Acosta has been un­der in­tense pres­sure fol­low­ing Ep­stein’s ar­rest over the week­end in New Jer­sey. Ep­stein, who has op­u­lent homes around the world, in­clud­ing what’s re­put­edly one of the largest pri­vate res­i­dences in Man­hat­tan, had just ar­rived on his pri­vate jet from Paris. In the New York in­dict­ment un­sealed Mon­day, pros­e­cu­tors al­lege he preyed on dozens of teenage girls from 2002 to 2005 in

New York and Palm Beach — sim­i­lar to the al­le­ga­tions re­viewed a dozen years ago by Acosta.

Ac­cord­ing to court records and vic­tim state­ments, Ep­stein ran what amounted to a sex­ual pyra­mid scheme. He dis­patched re­cruiters to en­tice un­der­age girls to come to his water­front Palm Beach es­tate to give him nude mas­sages, which often led to un­wanted sex­ual as­saults. He paid the girls — and of­fered them more if they re­cruited other girls to come to his home.

In a let­ter Mon­day to the judge pre­sid­ing over Ep­stein’s ar­raign­ment, Ge­of­frey S. Ber­man, the top fed­eral pros­e­cu­tor in New York, re­ferred to Ep­stein as a “serial sex­ual preda­tor.”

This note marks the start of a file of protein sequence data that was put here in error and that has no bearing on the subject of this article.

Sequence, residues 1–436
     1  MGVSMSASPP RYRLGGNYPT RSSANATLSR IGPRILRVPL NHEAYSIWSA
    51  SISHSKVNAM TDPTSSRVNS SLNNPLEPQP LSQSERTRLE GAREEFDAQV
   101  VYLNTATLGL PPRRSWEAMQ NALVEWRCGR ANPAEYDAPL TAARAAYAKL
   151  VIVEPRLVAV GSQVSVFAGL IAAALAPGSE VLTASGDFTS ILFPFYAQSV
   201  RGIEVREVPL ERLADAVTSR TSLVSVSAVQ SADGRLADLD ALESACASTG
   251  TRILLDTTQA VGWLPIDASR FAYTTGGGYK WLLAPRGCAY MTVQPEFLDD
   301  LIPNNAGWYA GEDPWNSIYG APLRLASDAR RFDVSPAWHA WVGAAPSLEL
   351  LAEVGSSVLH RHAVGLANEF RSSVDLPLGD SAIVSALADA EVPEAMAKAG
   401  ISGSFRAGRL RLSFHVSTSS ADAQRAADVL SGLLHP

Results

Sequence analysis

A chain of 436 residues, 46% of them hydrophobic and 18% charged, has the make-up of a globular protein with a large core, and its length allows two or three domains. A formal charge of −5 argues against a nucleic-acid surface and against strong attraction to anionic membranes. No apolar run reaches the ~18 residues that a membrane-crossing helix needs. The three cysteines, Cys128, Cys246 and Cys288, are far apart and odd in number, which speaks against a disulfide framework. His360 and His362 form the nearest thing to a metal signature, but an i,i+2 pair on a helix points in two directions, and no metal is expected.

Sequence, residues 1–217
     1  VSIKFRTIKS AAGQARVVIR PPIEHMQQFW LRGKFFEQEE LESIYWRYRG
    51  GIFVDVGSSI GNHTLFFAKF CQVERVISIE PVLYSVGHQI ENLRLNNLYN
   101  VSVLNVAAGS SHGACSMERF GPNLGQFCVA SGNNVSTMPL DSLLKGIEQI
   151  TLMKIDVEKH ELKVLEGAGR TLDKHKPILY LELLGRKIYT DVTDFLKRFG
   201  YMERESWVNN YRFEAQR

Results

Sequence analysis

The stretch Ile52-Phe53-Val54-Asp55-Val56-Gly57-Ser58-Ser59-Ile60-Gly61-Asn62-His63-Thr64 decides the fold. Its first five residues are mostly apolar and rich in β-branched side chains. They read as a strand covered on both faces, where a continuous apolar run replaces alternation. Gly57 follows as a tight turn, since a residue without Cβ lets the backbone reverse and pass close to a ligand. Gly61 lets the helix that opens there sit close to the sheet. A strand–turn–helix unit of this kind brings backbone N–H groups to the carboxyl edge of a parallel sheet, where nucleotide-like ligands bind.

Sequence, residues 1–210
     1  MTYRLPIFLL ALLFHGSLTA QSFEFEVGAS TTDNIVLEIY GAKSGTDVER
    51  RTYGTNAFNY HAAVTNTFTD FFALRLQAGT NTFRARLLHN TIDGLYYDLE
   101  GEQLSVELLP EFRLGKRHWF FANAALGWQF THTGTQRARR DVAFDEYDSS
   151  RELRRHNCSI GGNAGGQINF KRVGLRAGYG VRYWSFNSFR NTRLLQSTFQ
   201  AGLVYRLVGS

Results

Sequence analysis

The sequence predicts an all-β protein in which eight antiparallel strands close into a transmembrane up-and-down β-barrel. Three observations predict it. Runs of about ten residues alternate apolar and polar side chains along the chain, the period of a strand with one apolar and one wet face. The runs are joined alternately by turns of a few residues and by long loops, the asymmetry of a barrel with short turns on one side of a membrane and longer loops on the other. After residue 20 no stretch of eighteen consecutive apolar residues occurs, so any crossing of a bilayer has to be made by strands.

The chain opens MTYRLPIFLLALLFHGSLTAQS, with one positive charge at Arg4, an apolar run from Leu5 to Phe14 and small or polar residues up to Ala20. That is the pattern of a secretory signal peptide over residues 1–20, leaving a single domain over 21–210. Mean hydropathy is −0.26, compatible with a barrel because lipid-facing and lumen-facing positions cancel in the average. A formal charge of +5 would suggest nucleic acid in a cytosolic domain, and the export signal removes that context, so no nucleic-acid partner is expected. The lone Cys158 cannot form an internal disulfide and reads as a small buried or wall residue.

Acosta has been ac­cused of kow­tow­ing to the po­lit­i­cally con­nected hedge­fund man­ager, who served only 13 months of a po­ten­tial 18-month sen­tence in Palm Beach County and was al­lowed gen­er­ous work-re­lease priv­i­leges de­spite rules bar­ring work re­lease for sex of­fend­ers. Ep­stein’s valet would pick him up at the stock­ade and drive him to his down­town West Palm Beach of­fice, where the busi­ness­man could en­ter­tain guests.


The Depart­ment of Jus­tice is re­view­ing Acosta’s han­dling of the non­pros­e­cu­tion agree­ment. A Mi­ami fed­eral judge ruled this year that Acosta’s of­fice vi­o­lated the Crime Vic­tims’ Rights Act when he agreed to keep the deal se­cret from the girls whom Ep­stein al­legedly abused.

But Acosta said Wed­nes­day that, due to pro­vi­sions for vic­tims’ resti­tu­tion in the deal, seal­ing the agree­ment was the best way to en­sure that his vic­tims wouldn’t be ac­cused of fi­nan­cial mo­ti­va­tions had Ep­stein de­cided to go to trial.